JLN, I don’t know what fantasy world you live in, but it is just that, FANTASY. US citizens do NOT commute to work in Mexico along the border to work at jobs Mexican citizens won’t do. In fact. when Ameriflight had a run from SAT to MMMY, Monterrey, I was thinking of living in Mexico and flying that run. I could NOT do that according to Mexican law even though I would be working for an American company, and had a legitimate reason to live there. I would not be taking a job away from any Mexican citizen too. So there is NO equality of opportunity for US citizens ANYWHERE in the world equal to that afforded foreign nationals in the US. To speak of making things less restrictive is absurd since NO country on Earth will accept that, other than US contorlled big business which loves the situation.
In FACT that is why the Chamber of Commerce and ALL business is for immigration “reform” since it will drive down US wages even more. Any progressive who is for this loosening of the workforce requirements is simply doing the work of the wealthy who love this. It is anti-American worker in the extreme. There is a good reason we have laws against child labor, wages and hours laws, minimum wage laws, etc..It is because history has shown empirically that it is the only way to ensure fairness in labor relations.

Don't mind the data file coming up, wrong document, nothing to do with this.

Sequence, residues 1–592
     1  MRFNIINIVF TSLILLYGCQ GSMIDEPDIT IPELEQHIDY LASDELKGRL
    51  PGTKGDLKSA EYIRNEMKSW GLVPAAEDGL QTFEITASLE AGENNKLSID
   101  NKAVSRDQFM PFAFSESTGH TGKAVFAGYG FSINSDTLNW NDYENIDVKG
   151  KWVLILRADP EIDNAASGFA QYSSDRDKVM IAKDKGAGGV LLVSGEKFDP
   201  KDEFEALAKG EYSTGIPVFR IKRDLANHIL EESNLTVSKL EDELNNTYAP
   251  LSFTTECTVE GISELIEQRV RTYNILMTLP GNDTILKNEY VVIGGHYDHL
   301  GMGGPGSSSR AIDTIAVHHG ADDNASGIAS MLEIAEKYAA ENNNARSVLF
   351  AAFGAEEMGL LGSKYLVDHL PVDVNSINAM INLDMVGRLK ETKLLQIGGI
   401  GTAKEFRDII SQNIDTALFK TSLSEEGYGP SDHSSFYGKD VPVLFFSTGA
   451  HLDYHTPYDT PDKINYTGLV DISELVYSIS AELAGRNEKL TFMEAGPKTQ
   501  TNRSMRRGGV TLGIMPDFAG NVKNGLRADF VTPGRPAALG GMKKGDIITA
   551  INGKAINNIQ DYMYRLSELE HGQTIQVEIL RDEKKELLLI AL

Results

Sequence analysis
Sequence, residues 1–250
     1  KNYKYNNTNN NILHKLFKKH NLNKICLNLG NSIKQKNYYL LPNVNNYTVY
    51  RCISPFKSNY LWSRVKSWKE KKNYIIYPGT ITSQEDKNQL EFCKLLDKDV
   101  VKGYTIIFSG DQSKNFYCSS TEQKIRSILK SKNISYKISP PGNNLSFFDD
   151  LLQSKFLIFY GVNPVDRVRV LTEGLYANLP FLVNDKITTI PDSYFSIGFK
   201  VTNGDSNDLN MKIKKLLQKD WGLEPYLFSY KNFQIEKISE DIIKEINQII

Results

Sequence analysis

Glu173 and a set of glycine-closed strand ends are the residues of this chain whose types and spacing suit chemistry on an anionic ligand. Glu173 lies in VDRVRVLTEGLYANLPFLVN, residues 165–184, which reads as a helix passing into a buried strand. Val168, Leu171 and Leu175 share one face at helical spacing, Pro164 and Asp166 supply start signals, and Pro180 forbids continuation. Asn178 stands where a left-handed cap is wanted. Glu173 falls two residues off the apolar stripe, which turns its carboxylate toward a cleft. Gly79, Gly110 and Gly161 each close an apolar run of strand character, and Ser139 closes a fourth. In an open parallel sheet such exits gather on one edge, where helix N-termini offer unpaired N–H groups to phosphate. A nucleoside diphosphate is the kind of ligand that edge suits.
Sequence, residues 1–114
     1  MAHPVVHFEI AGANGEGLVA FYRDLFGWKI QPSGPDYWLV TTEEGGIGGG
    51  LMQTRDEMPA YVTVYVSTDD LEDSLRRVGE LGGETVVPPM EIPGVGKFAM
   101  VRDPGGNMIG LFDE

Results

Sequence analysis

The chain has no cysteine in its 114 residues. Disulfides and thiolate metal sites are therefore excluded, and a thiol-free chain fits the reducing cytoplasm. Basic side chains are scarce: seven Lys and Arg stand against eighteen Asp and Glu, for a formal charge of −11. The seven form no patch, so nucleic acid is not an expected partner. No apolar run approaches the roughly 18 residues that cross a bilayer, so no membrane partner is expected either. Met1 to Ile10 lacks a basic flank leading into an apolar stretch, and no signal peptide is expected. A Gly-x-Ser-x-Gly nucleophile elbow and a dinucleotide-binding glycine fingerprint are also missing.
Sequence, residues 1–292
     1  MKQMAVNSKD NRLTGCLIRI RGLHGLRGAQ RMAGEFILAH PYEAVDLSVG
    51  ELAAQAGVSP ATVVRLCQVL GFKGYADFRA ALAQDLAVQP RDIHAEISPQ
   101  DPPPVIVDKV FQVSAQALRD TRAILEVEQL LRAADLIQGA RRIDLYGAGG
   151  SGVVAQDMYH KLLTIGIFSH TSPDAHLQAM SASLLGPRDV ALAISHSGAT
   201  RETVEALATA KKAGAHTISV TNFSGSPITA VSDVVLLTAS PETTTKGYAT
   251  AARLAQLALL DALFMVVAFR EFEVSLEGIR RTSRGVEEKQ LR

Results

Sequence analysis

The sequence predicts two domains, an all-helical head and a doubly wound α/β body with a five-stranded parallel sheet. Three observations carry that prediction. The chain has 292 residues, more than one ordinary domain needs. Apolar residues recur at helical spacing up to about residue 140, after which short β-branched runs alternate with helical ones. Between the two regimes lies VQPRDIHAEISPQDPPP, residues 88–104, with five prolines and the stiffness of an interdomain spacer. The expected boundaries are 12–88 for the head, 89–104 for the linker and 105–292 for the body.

I guess you are totally ignorant of how education is funded in the US. Working in the US does NOT make one liable for school taxes. It is the property owners and renters who do that. You also forget the fact that over half of illegals work OFF the books, and pay NO taxes. Making them legal will not put them on the books since you have to be delusional to think that the employers will turn themselves in for not paying all those back taxes when CIR is done. Then you have to think that the now legal workers will demand a PAY CUT from their employers once they become legal so that they can pay all the taxes on income, FICA, Medicare, Medicaid, and state income taxes. If you think that will happen,there is no hope for your mental process.
Then you seem to think that those who cannot get visas or immigration permits will simply wait in line for those visas which will never come. The bulk of the illegals are not the highly skilled and well off. They will STILL be denied entry under any “reform”. What do you think that they will do? Over 40% of the illegals are NOT from Mexico, and they will STILL try and enter illegally no matter what reform is done, since they will not be able to get work permits as Mexican citizens will.